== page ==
Written by Gino Provenzano
Christmas is upon us, and the memories of days gone by and the purchasing power that I had as a kid through the use of the layaway makes me smile. You have to keep in mind that I was considered “The King of the Layaway” in my family. I was ten years old, and I wouldn’t wear anything that wasn’t in style. Jones’ Department Store, located at the corner of K and East Broadway, was my second home. I would walk around the store even when I wasn’t in the market for something new, just to look at all the stuff that I would buy once I got my next buck.
Here is what was on my wish list:
- Every Baracuta jacket – navy blue & tan, both quilted and non-quilted – worn with the collar up.
- Complement jeans by Girbaud
- Calvin Klein jeans
- Sweats by Ebe pants, Izod polo shirts, aka Gators
- Polo shirts
- Nylon Nike pants
- Full Adidas sweatsuits – speak for themselves
- Nike sneakers – canvas, nylon, and leather
- Adidas shell toes
- Velour sweaters by Izod and Adidas – you get the picture.
I was a walking advertisement for Jones,’ and I loved it. The only problem was how to pay for it all. My parents (mostly my father) thought clothes from the Quincy Bargain Center were fine for me to wear. I protested their purchases. We struck a deal, I could buy my own clothes, but I would have to pay for them all myself. Occasionally, my mother would slip me a couple of bucks every now and then and say, “Don’t tell dad.” If I didn’t buy my own clothes, I’d have to wear “Bobo Cons.” For those who don’t know, Bobo Cons = fake Converse or Nike’s with a backward swoosh, or Adidas with four stripes. I worked hard for my wardrobe – paper routes, selling papers on the street corner, shining shoes – but it was never enough money to walk out the door with my purchase in hand, so I relied on layaway.
Credit cards weren’t an option for a boy in the 70s and 80s, so I would use layaway. You picked out your purchase, brought it to the register, and they would fill out a card with your personal information and the amount of your down payment and then place your purchase in a bag and hold it hostage until the purchase was completely paid off. Now, Jones’ deserves a story of its own, but let me just give you the basics on the place. First, ALL customers (even 20-30 year customers) were considered potential thieves. Second, all customers were followed by at least one employee once they entered the store. In most instances, many employees descended upon you, including the owner and my “friend” George. Even the dressing rooms weren’t safe from constant surveillance. The security mirrors were angled so they could see what you were doing – I’m not even sure if that was true – it might have been just a rumor. But regardless, if you were a kid in Southie, you shopped at Jones’.
Jones’ was always on-trend. They carried everything that was in style, and I mean everything. So every week, I traveled up to K and Broadway and put money down on my latest purchase. An employee would go upstairs to the storage area, bring the bag down, and let me look at my purchase again – which was torture. They would then subtract the money down from the total and then put it back upstairs. Weeks sometimes months, would go by before I could actually wear my new purchase. I had nightmares of buying something really cool, but by the time I got it out of layaway, it didn’t fit anymore because I had grown. Jones’ was not the only store with layaway either. I bought my first Claddagh ring at Murphy’s Jewelers by way of layaway.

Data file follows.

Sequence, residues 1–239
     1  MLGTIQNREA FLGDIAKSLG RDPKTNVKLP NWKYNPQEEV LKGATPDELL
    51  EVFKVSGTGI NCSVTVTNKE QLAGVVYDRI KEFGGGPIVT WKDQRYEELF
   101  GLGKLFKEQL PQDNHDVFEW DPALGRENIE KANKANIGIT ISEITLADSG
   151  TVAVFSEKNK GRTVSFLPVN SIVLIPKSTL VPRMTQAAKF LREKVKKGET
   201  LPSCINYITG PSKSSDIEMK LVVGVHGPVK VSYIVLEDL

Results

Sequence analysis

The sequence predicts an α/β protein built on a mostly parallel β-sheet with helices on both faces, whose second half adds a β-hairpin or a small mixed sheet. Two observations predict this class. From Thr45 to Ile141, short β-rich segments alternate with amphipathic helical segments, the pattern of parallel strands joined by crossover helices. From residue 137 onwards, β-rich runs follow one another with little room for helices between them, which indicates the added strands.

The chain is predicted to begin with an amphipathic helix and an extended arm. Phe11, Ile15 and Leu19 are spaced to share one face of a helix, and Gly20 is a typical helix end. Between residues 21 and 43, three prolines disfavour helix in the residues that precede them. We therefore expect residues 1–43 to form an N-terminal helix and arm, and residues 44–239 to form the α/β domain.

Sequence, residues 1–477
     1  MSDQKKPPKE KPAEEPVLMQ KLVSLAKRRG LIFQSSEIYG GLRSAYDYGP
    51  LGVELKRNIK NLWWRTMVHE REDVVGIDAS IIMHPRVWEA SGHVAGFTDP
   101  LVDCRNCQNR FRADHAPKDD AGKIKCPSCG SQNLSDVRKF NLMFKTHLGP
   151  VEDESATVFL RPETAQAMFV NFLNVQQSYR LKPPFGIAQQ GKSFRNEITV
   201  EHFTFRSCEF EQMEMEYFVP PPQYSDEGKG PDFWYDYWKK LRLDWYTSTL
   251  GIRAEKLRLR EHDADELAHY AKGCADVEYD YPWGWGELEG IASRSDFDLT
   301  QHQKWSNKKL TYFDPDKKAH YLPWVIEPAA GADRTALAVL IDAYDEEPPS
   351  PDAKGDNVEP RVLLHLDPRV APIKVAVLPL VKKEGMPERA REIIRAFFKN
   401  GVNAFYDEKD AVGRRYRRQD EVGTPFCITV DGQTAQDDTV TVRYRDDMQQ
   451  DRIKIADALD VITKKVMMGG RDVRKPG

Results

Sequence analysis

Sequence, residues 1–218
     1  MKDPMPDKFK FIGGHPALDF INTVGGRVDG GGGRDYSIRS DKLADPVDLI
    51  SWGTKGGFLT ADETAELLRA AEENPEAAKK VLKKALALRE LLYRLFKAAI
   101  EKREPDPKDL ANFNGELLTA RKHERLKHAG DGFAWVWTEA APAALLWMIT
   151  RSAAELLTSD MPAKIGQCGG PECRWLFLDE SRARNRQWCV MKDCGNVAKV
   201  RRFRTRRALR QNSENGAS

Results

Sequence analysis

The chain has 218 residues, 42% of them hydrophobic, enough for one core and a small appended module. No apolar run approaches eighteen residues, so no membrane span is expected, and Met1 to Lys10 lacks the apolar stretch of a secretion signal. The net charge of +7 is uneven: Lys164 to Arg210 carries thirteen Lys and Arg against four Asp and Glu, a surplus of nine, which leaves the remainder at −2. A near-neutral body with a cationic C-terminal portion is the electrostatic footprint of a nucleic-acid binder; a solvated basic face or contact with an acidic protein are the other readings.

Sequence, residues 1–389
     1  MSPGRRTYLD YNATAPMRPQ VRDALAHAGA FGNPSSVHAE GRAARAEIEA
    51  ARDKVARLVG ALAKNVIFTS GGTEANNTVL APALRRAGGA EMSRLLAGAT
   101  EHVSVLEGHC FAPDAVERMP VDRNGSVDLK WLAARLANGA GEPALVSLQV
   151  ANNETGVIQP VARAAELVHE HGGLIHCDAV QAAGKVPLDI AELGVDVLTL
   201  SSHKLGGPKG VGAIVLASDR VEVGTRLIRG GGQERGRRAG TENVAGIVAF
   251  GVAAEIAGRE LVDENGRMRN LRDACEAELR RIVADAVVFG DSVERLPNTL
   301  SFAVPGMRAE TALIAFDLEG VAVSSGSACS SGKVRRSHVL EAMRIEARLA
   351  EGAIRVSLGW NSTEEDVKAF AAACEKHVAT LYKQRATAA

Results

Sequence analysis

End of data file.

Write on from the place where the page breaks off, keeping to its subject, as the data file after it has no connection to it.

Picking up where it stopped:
It wasn’t easy getting what I wanted for my closet. It took determination to pay off the layaway, but it made the purchase all the more sweeter. I’m not sure kids these days even know what layaway is. But I’m thankful for my layaway past. I learned how to work hard and avoid obstacles (and security measures), and I enjoyed the challenge of it all.
Gino Provenzano is a lifelong resident (fourth-generation South Bostonian) and a sergeant on the Boston Police Department. Provenzano recently received the BCYF Condon Community Center Person of the Year for his dedication to the youth of South Boston! He’s one of the nicest guys you’ll ever meet.
Gino and I share the same birthday – June 1st, 1969 and grew up together in the neighborhood. Here’s a photo of us in our kindergarten class photo. Gino is the last boy on the right in the top row – clearly the teacher’s favorite.
This photo features the 1974-1975 kindergarten class at the Tuckerman School (now condos) on Emerson Street/East Fourth Street. Mrs. Foster was the teacher, and she could have been 38 or 72 years old. It was the 1970s. Things were fast and loose. People drank and smoked. No one wore seat belts in cars. It was bologna and cheese on Wonder Bread in your Scooby Doo lunch box.
The girl rocking the dirndl in red and white check (far left in the first row) is me!